There is, however, this one member of The Land who is called The Return. He, for complicated in-narrative reasons, hates humans more than everybody else and is obsessed with getting revenge on Todd because Todd saved his life. It’s weird, but The Return eventually finds peace and becomes part of The Land again, shedding his name and rejoining his people. It’s nice.

So, in the end, Viola ends up not dying from the infection that has been slowly killing her for two and a half books, and The Mayor takes full credit for saving her life after having tried to kill her at least four times. Todd and Viola reunite since, after being captured by and then working for opposing forces, since they had spent the last two books working for the men and the women, respectively. A tentative peace between everyone is achieved right as the rest of Viola’s people arrive on the planet.

These books have excellent writing, they are captivating, and the story is one that can be applied to real life, even though it is set in a completely different world. So, it’s been almost 2000 words, and you’re likely wondering what my issue with these books is if I like them so much.

This trilogy’s antagonist is The Mayor, who is a strangely realistic figure. He is toxic masculinity personified and his fake-niceness is so condescending, I want to become a part of this book and slap him. He feels like a real person, and I’ve thrown these books across the room, and straight-up quit them so many times that I can’t honestly recommend them to anyone. I wouldn’t wish The Mayor on my worst enemy, who, whenever I read these books, happens to be The Mayor.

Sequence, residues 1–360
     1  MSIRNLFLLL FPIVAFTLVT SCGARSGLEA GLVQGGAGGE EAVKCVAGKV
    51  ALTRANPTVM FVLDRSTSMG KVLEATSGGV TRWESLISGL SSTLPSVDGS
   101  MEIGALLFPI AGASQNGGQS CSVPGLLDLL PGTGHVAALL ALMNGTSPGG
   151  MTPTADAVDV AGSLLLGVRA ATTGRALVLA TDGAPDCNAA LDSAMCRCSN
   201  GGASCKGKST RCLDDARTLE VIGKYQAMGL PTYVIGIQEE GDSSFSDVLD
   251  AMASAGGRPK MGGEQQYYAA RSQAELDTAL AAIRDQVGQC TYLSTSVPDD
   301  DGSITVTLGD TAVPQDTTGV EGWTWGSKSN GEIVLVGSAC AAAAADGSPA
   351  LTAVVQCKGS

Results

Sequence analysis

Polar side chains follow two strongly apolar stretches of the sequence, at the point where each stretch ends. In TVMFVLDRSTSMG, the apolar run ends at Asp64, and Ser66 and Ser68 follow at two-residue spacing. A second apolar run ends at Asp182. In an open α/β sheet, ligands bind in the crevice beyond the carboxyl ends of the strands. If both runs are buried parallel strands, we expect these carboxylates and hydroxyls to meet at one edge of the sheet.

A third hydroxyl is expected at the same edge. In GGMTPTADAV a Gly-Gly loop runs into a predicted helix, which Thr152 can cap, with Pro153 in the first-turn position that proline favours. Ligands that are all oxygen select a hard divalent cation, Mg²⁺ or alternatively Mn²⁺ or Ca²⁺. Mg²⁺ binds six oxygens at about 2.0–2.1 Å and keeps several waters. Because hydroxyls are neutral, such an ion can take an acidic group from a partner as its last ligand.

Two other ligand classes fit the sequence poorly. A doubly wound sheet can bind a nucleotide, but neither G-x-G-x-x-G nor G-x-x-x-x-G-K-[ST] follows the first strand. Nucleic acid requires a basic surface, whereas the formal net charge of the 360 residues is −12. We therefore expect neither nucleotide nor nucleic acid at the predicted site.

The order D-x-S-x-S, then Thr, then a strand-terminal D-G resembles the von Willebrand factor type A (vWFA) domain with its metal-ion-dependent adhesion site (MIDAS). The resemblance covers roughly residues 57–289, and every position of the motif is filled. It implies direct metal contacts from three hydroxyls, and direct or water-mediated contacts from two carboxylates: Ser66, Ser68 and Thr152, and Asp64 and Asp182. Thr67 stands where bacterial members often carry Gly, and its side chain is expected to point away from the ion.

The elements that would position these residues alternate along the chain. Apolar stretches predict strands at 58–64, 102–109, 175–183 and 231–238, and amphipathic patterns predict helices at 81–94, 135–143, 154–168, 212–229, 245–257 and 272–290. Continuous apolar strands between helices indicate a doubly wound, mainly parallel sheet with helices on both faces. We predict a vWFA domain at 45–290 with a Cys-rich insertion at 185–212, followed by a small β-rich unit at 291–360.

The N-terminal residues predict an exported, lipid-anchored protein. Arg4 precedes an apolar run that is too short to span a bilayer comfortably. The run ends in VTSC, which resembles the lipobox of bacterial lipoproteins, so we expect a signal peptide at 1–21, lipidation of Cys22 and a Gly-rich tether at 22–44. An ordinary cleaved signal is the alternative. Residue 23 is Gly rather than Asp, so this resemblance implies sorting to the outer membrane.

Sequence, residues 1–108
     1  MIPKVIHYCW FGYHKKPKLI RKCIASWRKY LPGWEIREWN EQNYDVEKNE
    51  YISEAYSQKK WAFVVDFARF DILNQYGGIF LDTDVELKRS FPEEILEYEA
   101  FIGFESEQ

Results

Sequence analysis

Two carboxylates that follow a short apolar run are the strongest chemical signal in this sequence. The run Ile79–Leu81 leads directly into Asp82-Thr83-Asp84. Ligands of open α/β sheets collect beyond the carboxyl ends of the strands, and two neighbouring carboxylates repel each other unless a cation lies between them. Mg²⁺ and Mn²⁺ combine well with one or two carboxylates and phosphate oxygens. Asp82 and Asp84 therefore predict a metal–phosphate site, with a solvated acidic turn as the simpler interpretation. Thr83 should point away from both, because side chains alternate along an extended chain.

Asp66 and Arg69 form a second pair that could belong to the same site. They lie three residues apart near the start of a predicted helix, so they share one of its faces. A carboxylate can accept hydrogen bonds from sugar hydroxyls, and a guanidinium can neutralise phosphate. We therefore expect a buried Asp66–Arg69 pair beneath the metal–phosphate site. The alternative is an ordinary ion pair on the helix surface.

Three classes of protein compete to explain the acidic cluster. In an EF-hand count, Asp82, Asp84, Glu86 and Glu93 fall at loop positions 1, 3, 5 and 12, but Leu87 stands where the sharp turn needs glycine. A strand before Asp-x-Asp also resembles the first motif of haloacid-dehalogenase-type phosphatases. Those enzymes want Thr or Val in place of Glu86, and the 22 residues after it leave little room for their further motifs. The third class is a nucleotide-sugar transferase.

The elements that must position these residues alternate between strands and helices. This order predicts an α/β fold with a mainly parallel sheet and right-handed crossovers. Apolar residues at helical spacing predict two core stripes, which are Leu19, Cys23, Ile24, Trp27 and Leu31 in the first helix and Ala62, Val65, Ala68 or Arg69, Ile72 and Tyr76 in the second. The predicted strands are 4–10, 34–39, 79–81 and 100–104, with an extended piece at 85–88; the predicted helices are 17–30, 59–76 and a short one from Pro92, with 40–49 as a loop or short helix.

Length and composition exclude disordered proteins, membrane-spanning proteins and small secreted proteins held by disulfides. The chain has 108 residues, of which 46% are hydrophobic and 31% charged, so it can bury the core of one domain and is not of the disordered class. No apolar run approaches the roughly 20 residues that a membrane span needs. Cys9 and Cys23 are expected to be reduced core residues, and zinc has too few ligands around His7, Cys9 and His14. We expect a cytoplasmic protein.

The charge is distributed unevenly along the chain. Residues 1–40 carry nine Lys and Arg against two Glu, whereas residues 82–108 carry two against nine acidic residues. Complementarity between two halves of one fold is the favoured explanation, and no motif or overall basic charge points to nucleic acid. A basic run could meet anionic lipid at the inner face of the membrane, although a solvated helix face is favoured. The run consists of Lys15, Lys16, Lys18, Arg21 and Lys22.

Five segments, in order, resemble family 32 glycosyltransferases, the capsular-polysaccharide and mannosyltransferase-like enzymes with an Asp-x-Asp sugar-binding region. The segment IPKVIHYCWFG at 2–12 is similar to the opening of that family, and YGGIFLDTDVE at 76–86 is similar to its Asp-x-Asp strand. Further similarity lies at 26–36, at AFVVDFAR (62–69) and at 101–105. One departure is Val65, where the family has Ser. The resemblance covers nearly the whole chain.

It’s a fascinating concept, the pitting of The Mayor as the Charismatic Evil Leader versus Mistress Coyle as the Straightforward Morally-Ambiguous leader. In the end, Coyle never receives the cult-like following The Mayor has and you have to wonder if it is because she’s a woman, and they’re supposed to be sweet and pleasant for people to like them.

The concepts in these books are fascinating and complex.

The first one deals with murder versus self-defense. The second one explores gender roles and how far “well-meaning” can take you before it becomes straight evil. The third ponders not only the relationship between native people and colonizers but also the responsibility for both war and peace. This is the most complex if the least interesting to me personally.

What side can be blamed for the war; the one that started it or the one that killed the most people? Can a current generation be held responsible for a genocide committed by their ancestors?

These books raise a lot of real questions we should be asking ourselves, and it manages to do this in a completely out of this world setting.

So, if you’re okay with putting a dent in your wall while reading these books and stomping around yelling about the audacity of a fictional villain (or if you just have thicker skin then me), then these would make a nice quarantine read. Otherwise, don’t subject yourself. You were warned.